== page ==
Share this post


Link to post
Share on other sites
Guest

What a shame that passengers cant now go up front after what happened on sept 11th.European carriers allowed passengers up front and infact used to often make an announcement asking if any kids would like to go up to the front.I can remember flying over to America for a recurrent on the CE550 and spending 3 hours with the crew on a BA 777.This broke the monotony of a transatlantic.Now pull out you professional licences and you are eyed up as a potential terrorist :-(Oh well in the back of the sardine tin like the rest since sept11Peter

Share this post


Link to post
Share on other sites
Guest B52Drivr

What a wonderful, intelligent and interesting post by BBall. Being a pilot myself, but never having flow 'passengers' in that way, it gave a whole new prespective on aviation.I was a military combat pilot, and eventually ended up flying 'bits and pieces' in large jets, here and there until I decided that aviation to me was just flying, not making a living at it. Perhaps if I had not had the combat experiences I have, I too would have gone into commercial passenger aviation -- nevertheless, BBall's look into the mindset of flying passengers and the responsibility was refreshing.Its a shame that a few demented individuals have removed the 'little boy' thrill of going up to the cockpit that Max had -- but alas, the world is never changing and we must change our lifestyles accordingly.Thank you Piper22 and BBall -- a nice Thanksgiving thought about aviation and its people.Best to all and a happy Thanksgiving,Clayton T.DopkeMajor, USAF (retired)"Drac"B52Drivr@aol.com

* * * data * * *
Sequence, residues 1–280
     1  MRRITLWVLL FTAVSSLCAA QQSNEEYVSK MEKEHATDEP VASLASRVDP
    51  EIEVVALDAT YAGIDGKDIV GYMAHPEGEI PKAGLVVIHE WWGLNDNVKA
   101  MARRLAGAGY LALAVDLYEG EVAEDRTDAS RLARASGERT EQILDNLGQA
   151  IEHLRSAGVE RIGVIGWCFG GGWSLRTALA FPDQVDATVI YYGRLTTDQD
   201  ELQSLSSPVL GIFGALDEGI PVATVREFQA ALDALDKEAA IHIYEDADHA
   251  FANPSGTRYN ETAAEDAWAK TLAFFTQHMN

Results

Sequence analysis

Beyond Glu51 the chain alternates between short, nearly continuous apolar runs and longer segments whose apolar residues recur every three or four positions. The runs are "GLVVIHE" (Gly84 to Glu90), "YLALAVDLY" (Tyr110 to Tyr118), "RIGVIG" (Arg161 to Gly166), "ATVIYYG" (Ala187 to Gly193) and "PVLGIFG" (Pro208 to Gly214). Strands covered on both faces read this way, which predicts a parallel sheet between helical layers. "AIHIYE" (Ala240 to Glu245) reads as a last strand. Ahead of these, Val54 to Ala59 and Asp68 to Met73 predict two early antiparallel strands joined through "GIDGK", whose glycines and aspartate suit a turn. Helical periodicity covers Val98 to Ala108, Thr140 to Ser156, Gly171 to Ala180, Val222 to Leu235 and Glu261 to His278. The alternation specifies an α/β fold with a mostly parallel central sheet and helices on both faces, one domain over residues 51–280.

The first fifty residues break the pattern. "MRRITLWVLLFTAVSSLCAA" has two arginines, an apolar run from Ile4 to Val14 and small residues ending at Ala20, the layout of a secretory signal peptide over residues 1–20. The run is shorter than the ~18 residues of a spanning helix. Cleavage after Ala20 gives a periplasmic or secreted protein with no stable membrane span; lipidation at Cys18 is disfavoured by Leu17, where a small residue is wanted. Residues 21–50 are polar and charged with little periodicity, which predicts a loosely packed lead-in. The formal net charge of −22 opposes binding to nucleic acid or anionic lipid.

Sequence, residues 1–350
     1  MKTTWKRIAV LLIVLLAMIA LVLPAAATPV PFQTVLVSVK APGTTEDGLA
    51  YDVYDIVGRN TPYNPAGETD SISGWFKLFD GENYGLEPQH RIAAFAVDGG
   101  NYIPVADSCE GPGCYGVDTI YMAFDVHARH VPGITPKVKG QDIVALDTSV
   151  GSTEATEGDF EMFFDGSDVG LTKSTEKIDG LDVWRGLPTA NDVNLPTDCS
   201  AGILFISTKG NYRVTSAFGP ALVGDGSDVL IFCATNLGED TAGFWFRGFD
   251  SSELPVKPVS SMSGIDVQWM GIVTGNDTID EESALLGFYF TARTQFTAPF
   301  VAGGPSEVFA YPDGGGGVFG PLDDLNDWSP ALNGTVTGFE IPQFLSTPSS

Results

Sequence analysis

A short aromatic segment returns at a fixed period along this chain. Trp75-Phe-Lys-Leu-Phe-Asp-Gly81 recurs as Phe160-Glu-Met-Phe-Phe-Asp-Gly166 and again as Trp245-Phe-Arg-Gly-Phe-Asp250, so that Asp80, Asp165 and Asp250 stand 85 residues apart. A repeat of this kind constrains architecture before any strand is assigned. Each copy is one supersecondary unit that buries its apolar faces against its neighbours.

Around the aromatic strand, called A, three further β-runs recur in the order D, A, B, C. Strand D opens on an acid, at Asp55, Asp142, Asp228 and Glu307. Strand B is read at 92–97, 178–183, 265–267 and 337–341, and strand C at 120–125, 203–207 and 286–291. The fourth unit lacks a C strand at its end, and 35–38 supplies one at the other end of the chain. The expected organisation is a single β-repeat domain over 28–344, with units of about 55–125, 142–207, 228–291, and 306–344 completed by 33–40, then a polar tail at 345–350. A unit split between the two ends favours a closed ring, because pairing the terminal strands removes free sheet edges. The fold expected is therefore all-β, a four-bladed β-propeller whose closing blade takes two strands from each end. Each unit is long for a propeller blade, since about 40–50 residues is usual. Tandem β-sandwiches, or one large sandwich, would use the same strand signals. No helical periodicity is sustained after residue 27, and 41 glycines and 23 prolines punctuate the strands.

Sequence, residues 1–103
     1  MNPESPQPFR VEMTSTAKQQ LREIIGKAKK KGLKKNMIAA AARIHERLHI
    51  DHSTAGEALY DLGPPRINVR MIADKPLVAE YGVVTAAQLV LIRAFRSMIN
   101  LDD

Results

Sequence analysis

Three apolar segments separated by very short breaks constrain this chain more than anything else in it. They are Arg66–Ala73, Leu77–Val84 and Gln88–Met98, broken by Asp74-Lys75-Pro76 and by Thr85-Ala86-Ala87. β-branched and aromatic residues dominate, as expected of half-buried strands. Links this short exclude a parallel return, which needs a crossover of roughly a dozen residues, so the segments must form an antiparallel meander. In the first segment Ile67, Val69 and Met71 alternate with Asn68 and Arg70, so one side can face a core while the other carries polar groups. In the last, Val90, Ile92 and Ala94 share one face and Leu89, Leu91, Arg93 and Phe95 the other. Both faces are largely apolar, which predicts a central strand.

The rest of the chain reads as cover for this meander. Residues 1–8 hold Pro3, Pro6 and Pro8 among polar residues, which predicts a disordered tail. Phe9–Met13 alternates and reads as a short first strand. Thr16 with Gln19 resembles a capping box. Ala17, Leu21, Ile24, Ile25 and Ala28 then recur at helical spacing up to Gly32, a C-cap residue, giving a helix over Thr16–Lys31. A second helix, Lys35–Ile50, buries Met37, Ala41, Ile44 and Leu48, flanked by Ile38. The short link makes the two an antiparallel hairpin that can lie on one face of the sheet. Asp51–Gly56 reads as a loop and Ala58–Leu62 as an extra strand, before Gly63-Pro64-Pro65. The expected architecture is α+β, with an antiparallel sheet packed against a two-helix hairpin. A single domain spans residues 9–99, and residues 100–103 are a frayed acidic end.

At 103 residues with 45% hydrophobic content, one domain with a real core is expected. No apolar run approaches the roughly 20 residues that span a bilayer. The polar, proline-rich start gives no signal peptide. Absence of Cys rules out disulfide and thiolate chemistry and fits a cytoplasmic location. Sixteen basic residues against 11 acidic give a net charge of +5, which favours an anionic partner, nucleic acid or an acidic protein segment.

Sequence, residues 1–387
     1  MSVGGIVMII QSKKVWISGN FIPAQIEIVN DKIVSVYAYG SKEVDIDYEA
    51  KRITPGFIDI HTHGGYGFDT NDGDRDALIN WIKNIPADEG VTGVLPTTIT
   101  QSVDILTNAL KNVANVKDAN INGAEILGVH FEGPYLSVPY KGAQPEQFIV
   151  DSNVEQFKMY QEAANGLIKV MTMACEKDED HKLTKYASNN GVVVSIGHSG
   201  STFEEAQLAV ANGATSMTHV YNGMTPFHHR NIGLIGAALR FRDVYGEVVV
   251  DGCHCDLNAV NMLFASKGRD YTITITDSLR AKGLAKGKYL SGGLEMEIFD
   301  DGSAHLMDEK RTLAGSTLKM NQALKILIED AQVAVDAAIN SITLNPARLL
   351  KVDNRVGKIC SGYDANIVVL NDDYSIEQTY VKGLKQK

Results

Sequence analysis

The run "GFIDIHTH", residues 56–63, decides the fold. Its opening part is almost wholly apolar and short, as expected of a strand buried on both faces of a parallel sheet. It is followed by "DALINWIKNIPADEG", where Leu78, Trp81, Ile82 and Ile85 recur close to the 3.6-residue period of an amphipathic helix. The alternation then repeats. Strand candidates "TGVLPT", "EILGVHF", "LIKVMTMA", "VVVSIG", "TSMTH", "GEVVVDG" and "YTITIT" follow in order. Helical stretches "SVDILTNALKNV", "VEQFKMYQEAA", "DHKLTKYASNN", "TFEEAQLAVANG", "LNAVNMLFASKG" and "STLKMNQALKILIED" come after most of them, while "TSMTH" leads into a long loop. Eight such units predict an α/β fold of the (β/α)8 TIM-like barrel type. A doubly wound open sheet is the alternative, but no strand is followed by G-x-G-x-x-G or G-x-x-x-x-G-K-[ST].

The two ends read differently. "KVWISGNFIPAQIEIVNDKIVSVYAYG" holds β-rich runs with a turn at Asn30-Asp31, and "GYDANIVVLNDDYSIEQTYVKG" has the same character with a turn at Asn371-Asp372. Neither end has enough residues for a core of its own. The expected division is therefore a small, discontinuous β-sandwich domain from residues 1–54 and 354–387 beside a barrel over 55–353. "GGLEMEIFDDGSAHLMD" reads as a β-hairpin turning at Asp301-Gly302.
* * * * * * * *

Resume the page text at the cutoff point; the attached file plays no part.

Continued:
Share this post


Link to post
Share on other sites
Guest SoarPics

Terrific story... but I believe BBall underestimates the impact his few minutes with Max had on the boy. I had much the same experience as a boy, and I've not forgotten it in 40 years. To this day it brings a smile to my face."The greatest people are unknown... they exist as an influence."Regards,

Share this post


Link to post
Share on other sites
Guest

Soarpics,I agree. I'm 36 now, and when I was 4 years old, I flew with my parents to Reno, Nevada from Baltimore in a United DC8. The pilots let me go up to the cockpit before we left Baltimore. I remember it like it was yesterday, and I've been a complete aviation nut ever since.That kind of thing will stick with little Max forever.btw, his website is http://www.frugalsworld.com/Click on ColumnsBBall. He's got some great stories there.Cheers and Happy Holidays!

Share this post


Link to post
Share on other sites

Join the conversation

You can post now and register later. If you have an account, sign in now to post with your account.
Note: Your post will require moderator approval before it will be visible.

Guest
Reply to this topic...

×   Pasted as rich text.   Paste as plain text instead

  Only 75 emoji are allowed.

×   Your link has been automatically embedded.   Display as a link instead

×   Your previous content has been restored.   Clear editor

×   You cannot paste images directly. Upload or insert images from URL.

Sign in to follow this  

×
×
  • Create New...